# Quick lessons on working with Java’s BigDecimal

Today I bring an example of the different results you can expect when using Java’s `BigDecimal` class. From instantiation to applying different arithmetic operations, it is important to understand how they affect the resulting instances.

The following program shows different scenarios and results applied to `BigDecimal`’s.

``````package test;

import java.math.BigDecimal;
import java.math.RoundingMode;

public class Test {

public static void main(String[] args) {
BigDecimal a = new BigDecimal("1.204165");
System.out.println("a (from string): " + a);
a = new BigDecimal(1);
System.out.println("a (from int): " + a);
a = new BigDecimal(1.204165);
System.out.println("a (from float): " + a);
a = a.setScale(6, RoundingMode.HALF_UP);
System.out.println("a (setting scale): " + a);
System.out.println("Sub (1): " + a.subtract(new BigDecimal("0.0001")));
System.out.println("Sub (2): " + a.subtract(new BigDecimal(0.0001)));
System.out.println("Sub (3): " + a.subtract(new BigDecimal(0.0001).setScale(6, RoundingMode.HALF_UP)));
System.out.println("Mult (1): " + a.multiply(new BigDecimal("0.0001")));
System.out.println("Mult (2): " + a.multiply(new BigDecimal(0.0001)));
System.out.println("Mult (3): " + a.multiply(new BigDecimal(0.0001).setScale(6, RoundingMode.HALF_UP)));
System.out.println("Mult (4): " + a.multiply(new BigDecimal(0.0001).setScale(6, RoundingMode.HALF_UP)).setScale(6, RoundingMode.HALF_UP));
System.out.println("Mult (5): " + a.multiply(new BigDecimal(0.0001)).setScale(6, RoundingMode.HALF_UP));
System.out.println("Div (1): " + a.divide(new BigDecimal("0.0001")));
try {
System.out.println("Div (2): " + a.divide(new BigDecimal(0.0001)));
} catch (java.lang.ArithmeticException e) { System.out.println("Div (2): " + e.getMessage()); }
System.out.println("Div (3): " + a.divide(new BigDecimal(0.0001), 6, RoundingMode.HALF_UP));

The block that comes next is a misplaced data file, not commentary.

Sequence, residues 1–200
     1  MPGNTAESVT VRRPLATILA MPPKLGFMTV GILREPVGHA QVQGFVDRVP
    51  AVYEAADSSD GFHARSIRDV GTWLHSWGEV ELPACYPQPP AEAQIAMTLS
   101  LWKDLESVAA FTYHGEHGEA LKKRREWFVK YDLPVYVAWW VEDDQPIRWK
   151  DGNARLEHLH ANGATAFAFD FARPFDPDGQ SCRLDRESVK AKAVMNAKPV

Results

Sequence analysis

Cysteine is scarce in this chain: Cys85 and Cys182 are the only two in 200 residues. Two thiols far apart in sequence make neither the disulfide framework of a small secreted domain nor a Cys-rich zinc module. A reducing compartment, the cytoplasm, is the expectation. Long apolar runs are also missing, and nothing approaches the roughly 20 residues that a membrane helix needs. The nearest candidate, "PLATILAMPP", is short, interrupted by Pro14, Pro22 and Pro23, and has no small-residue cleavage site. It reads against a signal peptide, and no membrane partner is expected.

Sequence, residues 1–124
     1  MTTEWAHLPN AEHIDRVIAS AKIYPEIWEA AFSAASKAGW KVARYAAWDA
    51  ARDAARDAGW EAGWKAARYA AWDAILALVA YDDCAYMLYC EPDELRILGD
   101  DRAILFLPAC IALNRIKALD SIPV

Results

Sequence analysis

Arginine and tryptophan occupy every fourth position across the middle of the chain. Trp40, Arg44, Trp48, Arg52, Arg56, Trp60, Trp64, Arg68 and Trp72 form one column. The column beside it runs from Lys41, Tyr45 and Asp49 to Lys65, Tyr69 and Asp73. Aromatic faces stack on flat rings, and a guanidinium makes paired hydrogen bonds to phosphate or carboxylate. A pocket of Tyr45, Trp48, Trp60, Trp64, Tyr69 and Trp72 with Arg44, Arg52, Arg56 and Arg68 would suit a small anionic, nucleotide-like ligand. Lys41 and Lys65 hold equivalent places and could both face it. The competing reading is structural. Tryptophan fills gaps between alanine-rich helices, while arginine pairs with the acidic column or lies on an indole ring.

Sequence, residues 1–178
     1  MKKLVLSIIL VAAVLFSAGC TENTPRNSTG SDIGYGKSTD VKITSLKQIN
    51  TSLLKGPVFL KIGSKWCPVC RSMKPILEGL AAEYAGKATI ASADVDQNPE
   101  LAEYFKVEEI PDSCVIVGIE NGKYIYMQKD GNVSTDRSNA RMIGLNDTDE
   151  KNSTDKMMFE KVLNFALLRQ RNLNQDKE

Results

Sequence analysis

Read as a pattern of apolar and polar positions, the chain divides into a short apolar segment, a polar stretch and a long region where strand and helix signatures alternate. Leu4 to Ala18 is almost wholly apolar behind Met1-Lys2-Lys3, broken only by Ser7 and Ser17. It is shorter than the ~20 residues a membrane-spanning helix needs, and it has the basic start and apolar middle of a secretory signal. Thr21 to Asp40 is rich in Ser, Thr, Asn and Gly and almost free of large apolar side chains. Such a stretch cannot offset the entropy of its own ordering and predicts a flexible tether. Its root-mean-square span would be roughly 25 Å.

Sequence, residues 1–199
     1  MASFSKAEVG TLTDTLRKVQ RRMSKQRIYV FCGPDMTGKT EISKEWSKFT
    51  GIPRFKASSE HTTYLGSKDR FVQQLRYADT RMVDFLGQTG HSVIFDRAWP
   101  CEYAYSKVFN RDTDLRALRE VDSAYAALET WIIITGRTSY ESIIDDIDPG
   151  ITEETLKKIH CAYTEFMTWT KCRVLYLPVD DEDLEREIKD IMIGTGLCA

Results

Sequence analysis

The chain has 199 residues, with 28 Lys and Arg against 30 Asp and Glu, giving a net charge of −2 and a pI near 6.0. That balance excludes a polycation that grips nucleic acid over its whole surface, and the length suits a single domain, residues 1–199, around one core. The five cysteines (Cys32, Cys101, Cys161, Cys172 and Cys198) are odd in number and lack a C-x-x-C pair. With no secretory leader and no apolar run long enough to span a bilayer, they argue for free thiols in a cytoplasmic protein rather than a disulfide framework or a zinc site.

System.out.println("Div (4): " + a.divide(new BigDecimal(0.0001).setScale(6, RoundingMode.HALF_UP)));
System.out.println("Div (5): " + a.divide(new BigDecimal(0.0001).setScale(6, RoundingMode.HALF_UP)).setScale(6, RoundingMode.HALF_UP));
try {
System.out.println("Div (6): " + a.divide(new BigDecimal(0.0001)).setScale(6, RoundingMode.HALF_UP));
} catch (java.lang.ArithmeticException e) { System.out.println("Div (6): " + e.getMessage()); }
System.out.println("Abs (1): " + a.abs());
System.out.println("Abs (2): " + a.multiply(new BigDecimal("-1.0").setScale(6, RoundingMode.HALF_UP)).setScale(6, RoundingMode.HALF_UP).abs());
}

}
``````

After running the application you can see the different results obtained.

``````a (from string): 1.204165
a (from int): 1
a (from float): 1.2041649999999999298694319804781116545200347900390625
a (setting scale): 1.204165
Sub (1): 1.204065
Sub (2): 1.204064999999999999995207826397614070401687058620154857635498046875
Sub (3): 1.204065
Mult (1): 0.0001204165
Mult (2): 0.000120416500000000005770567725917052914752503056661225855350494384765625
Mult (3): 0.000120416500
Mult (4): 0.000120
Mult (5): 0.000120
Div (1): 12041.65
Div (2): Non-terminating decimal expansion; no exact representable decimal result.
Div (3): 12041.650000
Div (4): 12041.65
Div (5): 12041.650000
Div (6): Non-terminating decimal expansion; no exact representable decimal result.
Abs (1): 1.204165
Abs (2): 1.204165
``````

As you can see creating an instance from a `String` is the best way to get a `BigDecimal` when you want to keep certain precision. Rounding and scaling play as well an important role when making calculations with `BigDecimal`’s.

It is worth keeping this example in mind specially in scenarios that involve currency operations, where the lack of rounding can easily generate unexpected results.